OTTAWA — The RCMP was struggling to keep staff security clearances up to date during the time a senior employee allegedly tried to pass secrets to adversaries, an internal Mountie audit shows.The audit report stressed the importance of regularly reviewing the security status of RCMP employees to guard against the threat of an insider betraying the national police force by sharing sensitive information with the wrong people.The auditors found all of the RCMP sections across Canada responsible for screening had “a significant backlog” of security updates to do, as well as smaller backlogs of new clearances and upgrades to higher security levels.Overall, the audit concluded that “risks and gaps” were hampering effective delivery of the security-screening program to the force’s nearly 30,000 employees, 25,000 contractors and more than 17,000 volunteers in over 700 communities.The little-noticed Audit of Personnel Security, completed in 2016 and quietly made public in edited form last year, takes on new relevance following the arrest this month of RCMP intelligence official Cameron Jay Ortis.Ortis, 47, is accused of violating three sections of the Security of Information Act as well as two Criminal Code provisions, including breach of trust, for allegedly trying to disclose classified information to an unspecified foreign entity or terrorist group.RCMP Commissioner Brenda Lucki has said the allegations against Ortis, if proven true, are extremely unsettling, given that he had access to intelligence from domestic and international allies.The charge sheet lists seven counts against Ortis under the various provisions, dating from as early as Jan. 1, 2015, through to Sept. 12 of this year, when he was taken into custody. He is slated to make his third court appearance today.“One of the many questions raised by the Ortis case is what internal security measures failed or might have failed,” said Wesley Wark, an intelligence expert who teaches at the University of Ottawa.“The question of security clearances and security monitoring must be front and centre.”The RCMP’s personnel security program aims to ensure the reliability and security of people who have access to the force’s information systems, data and premises, the internal audit says.This is achieved through the force’s security-screening process, which supports the issuance, denial, suspension or revocation of basic RCMP reliability status or, if required by the position, a secret or top-secret security clearance.A top-secret “enhanced” clearance entails extra screening including a polygraph examination, commonly known as a lie-detector test.Reliability status and secret clearances are valid for 10 years, while top-secret clearances must be updated every five years. “Updates are a critical insider-threat mitigation measure,” the audit report says.Lucki told a Sept. 17 news conference that Ortis held a valid top-secret clearance but said he had not undergone a polygraph test.The RCMP declined to tell The Canadian Press this week when Ortis, who joined the force in 2007, underwent his most recent security update.The police force also provided no answers to questions about any steps the RCMP may have taken in response to the internal audit’s findings.The auditors said the force’s departmental security program had “experienced challenges in meeting service level expectations” due to funding pressures and increasing demand.Eliminating security-clearance backlogs would reduce risk to the RCMP and help the force direct program resources to new security-clearance files, the audit report said.Security clearances, including renewals, are time-consuming, and renewals can be treated as less urgent because of an assumption that a previously cleared person can be trusted, Wark said.Even so, backlogs of security-clearance renewals, especially those involving top-secret levels, are “a serious issue,” he said.The case of Jeffrey Paul Delisle, a naval officer who pleaded guilty in 2012 to giving classified material to Russia, shows the system is not always on top of the challenges. Wark noted Delisle’s top-secret clearance had expired in 2011 but he continued to have access to sensitive databases.Following the Delisle case, the government ushered in revised security-screening standards in 2014.One new element was the concept of “aftercare,” which requires departmental security staff and other personnel to monitor and report on any changes in an employee’s situation that might raise security concerns, Wark noted.Such changes could include misuse of drugs or alcohol, sudden changes in a the employee’s financial situation, expressions of support for extremist views or unexplained frequent absences.“This is meant to be a ongoing process to cover the periods between clearance renewals and to counter the insider threat,” Wark said. This report by The Canadian Press was first published Sept. 27, 2019.— Follow @JimBronskill on TwitterJim Bronskill , The Canadian Press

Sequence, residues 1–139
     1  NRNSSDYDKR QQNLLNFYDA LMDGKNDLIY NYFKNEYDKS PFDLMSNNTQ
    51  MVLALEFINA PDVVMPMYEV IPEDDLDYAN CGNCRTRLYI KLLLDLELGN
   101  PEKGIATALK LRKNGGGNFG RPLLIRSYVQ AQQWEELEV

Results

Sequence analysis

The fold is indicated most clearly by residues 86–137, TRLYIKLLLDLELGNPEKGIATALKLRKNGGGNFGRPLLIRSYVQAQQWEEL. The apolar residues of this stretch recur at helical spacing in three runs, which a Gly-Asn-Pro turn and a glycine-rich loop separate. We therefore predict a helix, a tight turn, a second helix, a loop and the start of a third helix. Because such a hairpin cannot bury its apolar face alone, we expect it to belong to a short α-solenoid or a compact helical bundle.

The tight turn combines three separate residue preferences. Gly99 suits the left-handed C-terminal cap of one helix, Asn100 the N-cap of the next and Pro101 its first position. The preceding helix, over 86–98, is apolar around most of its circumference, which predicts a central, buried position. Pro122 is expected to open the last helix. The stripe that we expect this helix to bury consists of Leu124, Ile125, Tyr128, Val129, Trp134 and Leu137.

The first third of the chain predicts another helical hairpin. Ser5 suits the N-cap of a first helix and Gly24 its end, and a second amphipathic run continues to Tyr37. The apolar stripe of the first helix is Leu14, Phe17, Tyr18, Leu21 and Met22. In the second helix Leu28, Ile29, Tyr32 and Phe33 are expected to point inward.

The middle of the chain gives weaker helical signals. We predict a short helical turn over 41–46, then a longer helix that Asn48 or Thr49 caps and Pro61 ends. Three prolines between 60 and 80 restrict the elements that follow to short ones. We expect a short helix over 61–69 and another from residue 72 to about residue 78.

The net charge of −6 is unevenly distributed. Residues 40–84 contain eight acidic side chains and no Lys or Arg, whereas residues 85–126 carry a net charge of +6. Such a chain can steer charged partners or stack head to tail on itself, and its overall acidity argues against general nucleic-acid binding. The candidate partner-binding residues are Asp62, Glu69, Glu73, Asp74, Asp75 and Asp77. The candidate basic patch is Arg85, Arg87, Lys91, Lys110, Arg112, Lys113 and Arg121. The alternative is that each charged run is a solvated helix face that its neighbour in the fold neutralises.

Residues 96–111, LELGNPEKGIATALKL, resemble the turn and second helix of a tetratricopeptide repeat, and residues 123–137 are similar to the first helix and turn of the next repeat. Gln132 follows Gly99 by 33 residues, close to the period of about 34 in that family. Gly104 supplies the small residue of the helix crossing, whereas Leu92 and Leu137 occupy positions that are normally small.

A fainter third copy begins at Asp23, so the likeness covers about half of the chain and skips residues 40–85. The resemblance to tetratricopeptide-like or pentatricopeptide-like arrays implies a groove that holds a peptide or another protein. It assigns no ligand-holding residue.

Oceana, the largest international organization dedicated solely to protecting the world’s oceans, is pleased to announce the total amount realized at this weeks’s Inaugural Oceana Ball.The star-studded affair raised close to $1 million in proceeds via the live auction of fantasy lots curated by Oceana. Proceeds of this year’s gala directly benefit the protection and restoration of shark populations.“Oceana is delighted with the success of the Inaugural Oceana Ball and of its companion online auction at Charitybuzz.com, which runs through April 17. We are grateful to everyone who has raised a paddle, made an online bid, or helped bring attention to the cause,” said Oceana CEO, Andy Sharpless. “This support will help Oceana win policy victories to help protect sharks, many species of which are under threat around the world.”Co-chaired by Oceana Ambassador, Kate Walsh, David & Susan Rockefeller, and Steven & Anne Murphy, the auction was officiated by Christie’s charity auctioneer and Director of Strategic Partnerships, Lydia Fenet. After the bidding, the audience enjoyed a special musical performance by O.C.A.D. featuring Olivia Cipolla, who is set to release a new album this summer.Event attendees included: Susan & David Rockefeller, Kate Walsh, Steven & Anne Murphy, Chris Hemsworth, Elsa Pataky, Luke Hemsworth, Adrian Grenier, Sami Gayle, Les Stroud, Almudena Fernandez, Alexandra Cousteau, Jennifer Tilly, and Cameron Silver.The opportunity to have lunch with President Clinton and Susan & David Rockefeller at Blue Hill at Stone Barns swept the evening sale with a winning bid of $110,000. Other fantasy lots, generously provided by JW Marriott Hotels and Resorts, with trips to their properties in Cancun, Costa Rica, Thailand, Ihilani and Dubai generating nearly $40,000.The Oceana Ball will continue raising funds online at Charitybuzz.com/Oceana through April 17. Lots in the online auction include: Artwork from Peter Lik, Isack Kousnsky, Deborah Buck, Laura Bombier, and David Foox, three custom surfboards from artist Peter Tunney, jewelry and timepieces from Shirley Ephraim, Susan Rockefeller and CORUM, getaways from JW Marriott Hotels & Resorts and more.The Oceana Ball focused its attention for the inaugural year on shark conservation, an issue highlighted last year at the third and final Green Auction hosted by Christie’s. Fueled by the support from last year’s event, Oceana made significant progress by helping advance the west coast population of great white sharks to its current position as candidate for the Endangered Species Act. Recent studies show that there may be as few as 350 adult white sharks left in the west coast population. An Endangered Species Act listing will afford the sharks additional safeguards from key threats and garner more funding for research to better understand the status and threats to this distinct population. Proceeds generated from this year’s event will aid Oceana’s efforts to secure protection for this specific population of sharks and others.The initiative was made possible through the joint efforts of Oceana together with Charitybuzz and Christie’s, in addition to the support of all of the visionary leaders from the worlds of art, business, fashion, philanthropy, conservation and celebrity.